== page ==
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Having trouble finding a video?

Video is the most popular media format and with all the footage available it becomes increasingly difficult to find an efficient way to search through it.

vidipedia started life as a DTI sponsored Research & Development project investigating human indexing of video archives. enigma was appointed project lead and worked with project partners; ITV, Imperial War Museum, British Film Institute, Codeworks Connect, C.C. Harvey and the Universities of Newcastle and Sunderland, to find a way to improve video content searching.
The amount of footage viewed and produced is dramatically rising; viewing figures continue to increase, more viewing platforms become available and production costs shrink. According to Nielsen, the average American now spends 5 hours watching TV/DVR footage per day, the UK is fast approaching this. If you add online video content to this, the popularity of video is undeniable. Approximately 20 hours of video footage is currently uploaded to YouTube every minute. When you take into account archive collections and out-take footage, that’s a lot of video content!

Much of this content has real value, whether it is of cultural importance, expensive to replicate or irreplaceable coverage of one-off events. Hundreds of thousands of hours of unique archive footage held on original film and tape is slowly degrading, to be lost forever if it is not digitised. The problem is that no-one can find an economic case to digitise it. We investigated whether we could unlock the value held in all of this video by making it more searchable.

Current video search systems can be quite crude. Essentially, video searching mirrors image archive search techniques; each video is associated with some human entered text data, which is then searched upon. A fundamental issue with this is that video varies in length, from short clips to entire reels, and classifying using a universal set of data doesn’t provide enough detail necessary to deem searching useful for uncovering value within lengthy or mixed content footage.

We needed to produce a system which supported indexing to a highly detailed level; down to the scene or even frame. It also needed to prove cost effective to footage owners.

We developed vidipedia as a unique suite of software which combines to deliver all the processes required to upload, annotate, manage, distribute and deliver video material in a form that is much more searchable.

Video is stored centrally; multiple archives can store footage on a centralised system. Core functionality is delivered via secure web-services and interfacing with remotely hosted web applications. Complex data can be stored about specific time segments (clips) in footage. Footage can be annotated by users to provide indexed data on; personal experience, feelings, sounds, emotions, visual – with the added bonus that in the future, this could be used to produce “living histories” for archives. Users can search on this data to find specific clips within any footage.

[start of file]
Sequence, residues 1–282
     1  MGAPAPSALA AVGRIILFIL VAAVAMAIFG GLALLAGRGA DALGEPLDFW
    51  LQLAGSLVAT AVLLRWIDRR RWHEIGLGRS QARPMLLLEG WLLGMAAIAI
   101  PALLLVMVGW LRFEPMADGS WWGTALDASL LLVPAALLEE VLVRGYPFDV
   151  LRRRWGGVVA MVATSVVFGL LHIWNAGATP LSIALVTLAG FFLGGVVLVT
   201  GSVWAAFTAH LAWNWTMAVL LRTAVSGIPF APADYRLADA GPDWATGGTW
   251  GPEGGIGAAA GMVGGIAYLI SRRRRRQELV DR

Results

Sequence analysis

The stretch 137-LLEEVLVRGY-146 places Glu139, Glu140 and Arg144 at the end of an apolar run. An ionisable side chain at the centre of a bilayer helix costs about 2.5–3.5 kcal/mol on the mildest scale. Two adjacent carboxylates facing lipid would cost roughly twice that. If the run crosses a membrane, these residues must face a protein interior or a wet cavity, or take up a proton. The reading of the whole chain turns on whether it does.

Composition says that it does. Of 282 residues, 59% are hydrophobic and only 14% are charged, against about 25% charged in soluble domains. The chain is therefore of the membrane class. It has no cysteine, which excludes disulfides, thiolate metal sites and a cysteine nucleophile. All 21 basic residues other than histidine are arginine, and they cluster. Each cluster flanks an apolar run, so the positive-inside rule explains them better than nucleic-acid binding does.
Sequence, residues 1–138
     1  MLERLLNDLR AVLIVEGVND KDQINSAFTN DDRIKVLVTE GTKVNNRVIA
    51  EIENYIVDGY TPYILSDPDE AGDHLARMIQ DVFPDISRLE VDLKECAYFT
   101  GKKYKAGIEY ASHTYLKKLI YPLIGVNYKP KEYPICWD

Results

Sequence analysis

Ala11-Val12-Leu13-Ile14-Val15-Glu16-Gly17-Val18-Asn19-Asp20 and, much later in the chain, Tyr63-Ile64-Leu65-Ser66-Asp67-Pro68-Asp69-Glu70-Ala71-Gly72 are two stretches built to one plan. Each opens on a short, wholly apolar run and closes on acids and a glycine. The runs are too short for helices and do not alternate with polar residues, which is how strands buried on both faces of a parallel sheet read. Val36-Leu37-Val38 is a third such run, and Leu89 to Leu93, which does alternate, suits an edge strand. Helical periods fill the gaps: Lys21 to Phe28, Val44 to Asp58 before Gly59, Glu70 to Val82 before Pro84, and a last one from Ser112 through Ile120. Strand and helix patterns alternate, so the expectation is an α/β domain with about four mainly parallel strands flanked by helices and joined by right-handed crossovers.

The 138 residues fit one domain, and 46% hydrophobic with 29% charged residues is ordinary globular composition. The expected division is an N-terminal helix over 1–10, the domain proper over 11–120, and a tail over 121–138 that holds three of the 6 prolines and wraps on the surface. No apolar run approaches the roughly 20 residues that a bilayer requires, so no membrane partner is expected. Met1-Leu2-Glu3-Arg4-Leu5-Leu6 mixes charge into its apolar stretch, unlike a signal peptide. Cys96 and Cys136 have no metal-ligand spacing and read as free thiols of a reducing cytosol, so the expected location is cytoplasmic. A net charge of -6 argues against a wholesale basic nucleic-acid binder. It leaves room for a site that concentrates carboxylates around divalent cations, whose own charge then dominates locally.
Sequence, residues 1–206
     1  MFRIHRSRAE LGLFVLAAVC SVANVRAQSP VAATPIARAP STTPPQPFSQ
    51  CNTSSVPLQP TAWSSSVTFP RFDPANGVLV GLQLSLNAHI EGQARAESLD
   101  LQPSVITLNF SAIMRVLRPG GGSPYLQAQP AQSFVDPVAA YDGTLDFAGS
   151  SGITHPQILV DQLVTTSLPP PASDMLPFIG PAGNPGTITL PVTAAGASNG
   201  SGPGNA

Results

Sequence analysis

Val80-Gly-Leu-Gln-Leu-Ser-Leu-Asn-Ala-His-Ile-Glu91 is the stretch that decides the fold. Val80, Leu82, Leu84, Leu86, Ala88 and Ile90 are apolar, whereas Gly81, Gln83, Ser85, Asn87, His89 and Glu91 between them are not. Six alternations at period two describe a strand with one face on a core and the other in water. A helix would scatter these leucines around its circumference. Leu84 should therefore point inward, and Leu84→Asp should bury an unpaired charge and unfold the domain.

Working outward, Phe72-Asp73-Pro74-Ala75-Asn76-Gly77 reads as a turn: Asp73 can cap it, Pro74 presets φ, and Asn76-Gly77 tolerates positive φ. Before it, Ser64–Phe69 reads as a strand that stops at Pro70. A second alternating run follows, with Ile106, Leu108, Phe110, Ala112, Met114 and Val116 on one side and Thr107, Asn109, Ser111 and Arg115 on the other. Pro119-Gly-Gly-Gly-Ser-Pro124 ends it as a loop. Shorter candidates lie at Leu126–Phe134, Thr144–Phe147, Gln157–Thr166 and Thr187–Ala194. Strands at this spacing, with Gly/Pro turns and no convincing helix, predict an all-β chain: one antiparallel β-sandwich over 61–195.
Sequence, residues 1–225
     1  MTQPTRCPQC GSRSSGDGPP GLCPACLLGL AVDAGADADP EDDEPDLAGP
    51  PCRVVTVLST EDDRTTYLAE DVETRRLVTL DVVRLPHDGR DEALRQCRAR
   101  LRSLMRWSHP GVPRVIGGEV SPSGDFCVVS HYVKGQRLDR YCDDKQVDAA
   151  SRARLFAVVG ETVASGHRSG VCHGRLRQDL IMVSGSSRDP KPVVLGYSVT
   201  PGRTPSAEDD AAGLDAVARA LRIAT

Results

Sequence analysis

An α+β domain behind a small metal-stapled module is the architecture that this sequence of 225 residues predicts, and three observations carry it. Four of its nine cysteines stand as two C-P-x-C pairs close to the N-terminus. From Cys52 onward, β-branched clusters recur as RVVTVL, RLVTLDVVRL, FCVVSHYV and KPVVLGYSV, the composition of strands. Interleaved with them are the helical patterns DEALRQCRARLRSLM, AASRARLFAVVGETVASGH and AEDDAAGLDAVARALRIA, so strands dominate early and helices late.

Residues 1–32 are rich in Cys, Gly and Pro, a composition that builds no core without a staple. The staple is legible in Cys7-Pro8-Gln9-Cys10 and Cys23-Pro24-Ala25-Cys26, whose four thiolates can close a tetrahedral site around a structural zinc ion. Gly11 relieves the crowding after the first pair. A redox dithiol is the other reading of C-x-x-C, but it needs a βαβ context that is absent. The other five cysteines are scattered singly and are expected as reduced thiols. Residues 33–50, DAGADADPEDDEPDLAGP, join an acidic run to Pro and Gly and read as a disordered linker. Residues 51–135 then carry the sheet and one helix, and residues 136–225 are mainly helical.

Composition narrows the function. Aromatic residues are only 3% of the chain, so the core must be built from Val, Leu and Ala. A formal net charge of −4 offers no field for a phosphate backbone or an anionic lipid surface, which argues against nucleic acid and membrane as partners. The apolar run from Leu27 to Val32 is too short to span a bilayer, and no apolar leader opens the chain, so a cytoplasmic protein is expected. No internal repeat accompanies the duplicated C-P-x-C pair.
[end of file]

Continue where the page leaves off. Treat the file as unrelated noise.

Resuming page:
Keeping human annotation at the heart of the process allowed us to obtain good quality data. We implemented systems that would follow the model of Wikipedia; supporting altruistic annotation, as well as revenue sharing for commercial services; users annotate the material in return for a share of future viewing or licensing royalties.

Main Benefits:

• significantly improves quality of video search results
• data tagging /aggregation to scene and frame level
• removes up-front costs of annotating video
• provides economic case for digitising archive video
• makes video FINDABLE
• makes video VALUABLE

A wide variety of different video based applications can benefit from the improved searchability that vidipedia offers; video search engines, public access portals, asset management systems, online broadcast platforms. To effectively service all application types, vidipedia is not a single "product".

We developed a system that is a whole series of flexible software components that can be configured to support specific needs of different video based applications. It's best to think of vidipedia as an "enabler." Its power is in its flexibility, therefore the opportunities to commercialise it are great and varied.

Our plans for the future are to find an application for vidipedia that would greatly benefit from the way it makes digitised video findable and therefore unlocks its value.

The model provides an extremely adaptable and non-prescriptive solution and enables vidipedia to service any application that can benefit from its video handling capabilities. We look forward to developing it with someone to suit their needs and to unlock the potential of vidipedia.

- A special thank you to Zoe Hartill for the blog pose. For more details please e-mail her at zoeh@enigma-interactive.co.uk, or visit their website: www.enigma-interactive.co.uk and view their portfolio.

Picture: A screenshot of 'Vidipedia'. A video is being shown at the top with links to other videos below.

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